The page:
Materials for Elevator Pit Waterproofing

There are a variety of materials typically used for elevator pit waterproofing. These materials are designed to be installed first with concrete applied directly to them. They are also commonly used in vertical blind-side assemblies and tied into under-slab assemblies in hydrostatic conditions.

Depending on the design of the elevator pit, additional attention must be given to how the elevator pit waterproofing ties into these other waterproofing elements. In some instances, designers rely on “integrated waterproofing” utilizing a concrete design mix that includes a special additive that gives the cured concrete better waterproofing ability without the application of a positive side waterproofing membrane.

Careful attention must be given to the placement of the water stop in the construction joints of the elevator pit since no positive side waterproofing spans the joint. The most commonly utilized elevator pit waterproofing under the slab and in single-sided formwork is bentonite sheet material.

Bentonite is a natural clay that swells when hydrated, creating a natural waterproof barrier. These materials are typically inexpensive and easy to apply. However, the installed material must not be allowed to hydrate prematurely.

Environmental exposure can be a factor, especially in wetter climates like the pacific northwest. Other systems include pre-formed sheet membranes produced from various types of materials including butyl, polyethylene or composite fluid and sheet assemblies.

Some of these systems even create a direct bond with fresh cast concrete to prevent lateral water migration between the sheet membrane and concrete substrate. These materials are typically not as environmentally sensitive as bentonite-based systems. Proper detailing of penetrations, seams and transitions is essential for the overall effectiveness of any waterproofing system.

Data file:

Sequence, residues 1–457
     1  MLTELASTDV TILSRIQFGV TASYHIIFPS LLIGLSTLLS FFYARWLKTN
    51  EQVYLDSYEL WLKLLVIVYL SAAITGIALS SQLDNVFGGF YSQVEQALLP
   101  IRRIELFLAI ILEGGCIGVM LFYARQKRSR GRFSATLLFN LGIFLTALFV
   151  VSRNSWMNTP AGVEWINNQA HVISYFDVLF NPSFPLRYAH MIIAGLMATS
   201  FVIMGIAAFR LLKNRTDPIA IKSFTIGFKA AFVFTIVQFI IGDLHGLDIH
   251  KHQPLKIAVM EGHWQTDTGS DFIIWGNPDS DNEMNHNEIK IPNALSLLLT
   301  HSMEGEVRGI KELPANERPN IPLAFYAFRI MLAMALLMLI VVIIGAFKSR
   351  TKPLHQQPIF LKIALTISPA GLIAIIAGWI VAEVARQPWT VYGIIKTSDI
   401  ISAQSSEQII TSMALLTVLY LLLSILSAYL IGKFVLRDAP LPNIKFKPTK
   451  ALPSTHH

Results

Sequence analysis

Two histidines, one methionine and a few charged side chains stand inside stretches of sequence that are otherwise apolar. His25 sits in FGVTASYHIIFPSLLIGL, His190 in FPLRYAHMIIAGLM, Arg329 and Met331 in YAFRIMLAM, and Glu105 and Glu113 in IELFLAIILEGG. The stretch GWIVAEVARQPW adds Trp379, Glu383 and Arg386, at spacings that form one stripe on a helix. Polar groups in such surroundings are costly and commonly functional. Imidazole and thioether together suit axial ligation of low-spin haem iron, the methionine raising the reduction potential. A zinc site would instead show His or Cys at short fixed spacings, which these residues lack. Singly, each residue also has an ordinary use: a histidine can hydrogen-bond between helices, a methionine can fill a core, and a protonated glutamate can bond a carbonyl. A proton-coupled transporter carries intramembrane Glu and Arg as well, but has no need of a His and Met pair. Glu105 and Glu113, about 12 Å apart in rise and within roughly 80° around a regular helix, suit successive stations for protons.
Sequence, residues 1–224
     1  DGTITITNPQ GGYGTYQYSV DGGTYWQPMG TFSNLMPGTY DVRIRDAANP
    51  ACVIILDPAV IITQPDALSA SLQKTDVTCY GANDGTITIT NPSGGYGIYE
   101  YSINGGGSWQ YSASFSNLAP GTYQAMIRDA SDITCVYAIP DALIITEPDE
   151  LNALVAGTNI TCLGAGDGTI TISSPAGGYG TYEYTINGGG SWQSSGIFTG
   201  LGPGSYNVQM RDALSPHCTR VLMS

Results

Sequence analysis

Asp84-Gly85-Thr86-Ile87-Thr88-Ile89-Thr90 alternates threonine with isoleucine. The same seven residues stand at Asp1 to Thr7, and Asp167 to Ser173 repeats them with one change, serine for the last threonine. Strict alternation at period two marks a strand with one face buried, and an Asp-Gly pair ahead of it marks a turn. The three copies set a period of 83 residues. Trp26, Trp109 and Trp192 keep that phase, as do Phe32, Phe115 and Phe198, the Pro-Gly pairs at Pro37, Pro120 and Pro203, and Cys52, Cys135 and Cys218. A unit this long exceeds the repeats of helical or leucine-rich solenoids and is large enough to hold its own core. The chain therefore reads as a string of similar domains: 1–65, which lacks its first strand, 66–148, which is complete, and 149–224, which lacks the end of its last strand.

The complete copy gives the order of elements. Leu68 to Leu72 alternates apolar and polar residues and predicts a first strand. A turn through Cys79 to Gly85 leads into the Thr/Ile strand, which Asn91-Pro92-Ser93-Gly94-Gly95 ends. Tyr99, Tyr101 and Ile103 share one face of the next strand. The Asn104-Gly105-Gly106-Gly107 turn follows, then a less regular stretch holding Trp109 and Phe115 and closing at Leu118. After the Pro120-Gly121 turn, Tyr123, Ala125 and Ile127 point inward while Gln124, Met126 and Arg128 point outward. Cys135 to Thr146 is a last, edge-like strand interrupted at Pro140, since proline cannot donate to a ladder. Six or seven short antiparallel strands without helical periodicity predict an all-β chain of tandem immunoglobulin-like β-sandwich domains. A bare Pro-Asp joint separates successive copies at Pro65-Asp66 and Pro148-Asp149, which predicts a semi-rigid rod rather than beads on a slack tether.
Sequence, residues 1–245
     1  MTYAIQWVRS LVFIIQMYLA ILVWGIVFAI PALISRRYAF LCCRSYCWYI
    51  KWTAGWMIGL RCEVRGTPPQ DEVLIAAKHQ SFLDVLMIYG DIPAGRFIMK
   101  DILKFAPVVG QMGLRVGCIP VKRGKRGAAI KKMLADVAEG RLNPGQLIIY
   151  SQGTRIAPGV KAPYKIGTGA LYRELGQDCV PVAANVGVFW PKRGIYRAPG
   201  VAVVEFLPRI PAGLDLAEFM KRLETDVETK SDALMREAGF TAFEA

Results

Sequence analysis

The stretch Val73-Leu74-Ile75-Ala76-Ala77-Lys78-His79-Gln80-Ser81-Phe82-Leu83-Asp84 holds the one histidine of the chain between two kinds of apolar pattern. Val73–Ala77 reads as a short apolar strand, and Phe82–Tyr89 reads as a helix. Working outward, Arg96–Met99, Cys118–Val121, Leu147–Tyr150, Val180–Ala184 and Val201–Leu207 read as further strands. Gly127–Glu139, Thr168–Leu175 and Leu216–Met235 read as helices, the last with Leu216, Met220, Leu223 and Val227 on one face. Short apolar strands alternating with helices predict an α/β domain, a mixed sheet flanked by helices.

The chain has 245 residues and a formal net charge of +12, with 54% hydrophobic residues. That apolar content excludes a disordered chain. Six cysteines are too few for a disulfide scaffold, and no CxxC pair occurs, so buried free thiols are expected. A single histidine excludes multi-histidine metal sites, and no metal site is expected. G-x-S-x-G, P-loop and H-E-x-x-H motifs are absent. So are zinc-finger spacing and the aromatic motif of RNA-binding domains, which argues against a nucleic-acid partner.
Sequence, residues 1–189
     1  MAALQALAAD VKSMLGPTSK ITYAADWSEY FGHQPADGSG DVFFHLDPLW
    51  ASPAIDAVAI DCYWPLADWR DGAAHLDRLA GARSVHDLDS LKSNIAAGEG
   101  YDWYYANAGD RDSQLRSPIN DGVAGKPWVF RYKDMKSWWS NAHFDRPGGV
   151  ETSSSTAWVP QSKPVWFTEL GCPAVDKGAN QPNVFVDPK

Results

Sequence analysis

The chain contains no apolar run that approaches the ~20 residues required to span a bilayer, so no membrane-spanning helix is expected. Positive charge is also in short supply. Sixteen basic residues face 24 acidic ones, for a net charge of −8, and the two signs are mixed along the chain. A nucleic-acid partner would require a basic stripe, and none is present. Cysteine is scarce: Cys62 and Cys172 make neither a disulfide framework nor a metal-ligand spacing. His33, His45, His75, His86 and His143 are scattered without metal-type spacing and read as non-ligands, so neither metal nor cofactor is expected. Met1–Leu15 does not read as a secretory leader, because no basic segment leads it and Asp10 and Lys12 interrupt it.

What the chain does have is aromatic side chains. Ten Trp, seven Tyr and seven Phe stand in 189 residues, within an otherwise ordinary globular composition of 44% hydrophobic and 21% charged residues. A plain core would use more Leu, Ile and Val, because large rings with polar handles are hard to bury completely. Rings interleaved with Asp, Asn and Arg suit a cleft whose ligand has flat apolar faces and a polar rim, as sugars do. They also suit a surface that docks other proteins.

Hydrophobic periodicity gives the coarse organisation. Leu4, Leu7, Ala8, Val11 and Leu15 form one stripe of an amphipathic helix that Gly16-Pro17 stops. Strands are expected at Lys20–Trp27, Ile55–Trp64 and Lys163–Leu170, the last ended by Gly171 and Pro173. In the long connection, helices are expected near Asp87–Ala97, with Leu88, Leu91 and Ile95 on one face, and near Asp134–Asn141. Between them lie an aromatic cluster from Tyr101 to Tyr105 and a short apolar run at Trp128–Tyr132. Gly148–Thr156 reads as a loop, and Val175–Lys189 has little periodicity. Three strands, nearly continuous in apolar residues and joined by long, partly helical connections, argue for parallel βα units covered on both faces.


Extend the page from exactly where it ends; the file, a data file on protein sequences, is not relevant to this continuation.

A trained and experienced applicator should be utilized for the installation of any elevator pit waterproofing, along with consultation with the waterproofing materials manufacturer’s technical representatives.

Rely on EPRO

Elevator pit waterproofing is a structural slab element that can often be overlooked or given little consideration in both design and materials selection, however, leaking elevator pits can cause shutdowns and require costly repairs. Coordination of design between the architect, structural engineer and the project waterproofing consultant can help implement the right waterproofing solution.

Selection of materials should be considered based on construction site conditions, the waterproofing applicator’s experience, and transitions to other elements of the building envelope. A better understanding of elevator pit waterproofing will bring your project to the next level!

Ready to get started on your elevator pit waterproofing project? Rely on EPRO to get the job done right the first time around. With more than 30 years of experience, our seasoned professionals are ready to help give you the best building envelope possible. Contact us today regarding any questions you have about waterproofing, building envelopes and more.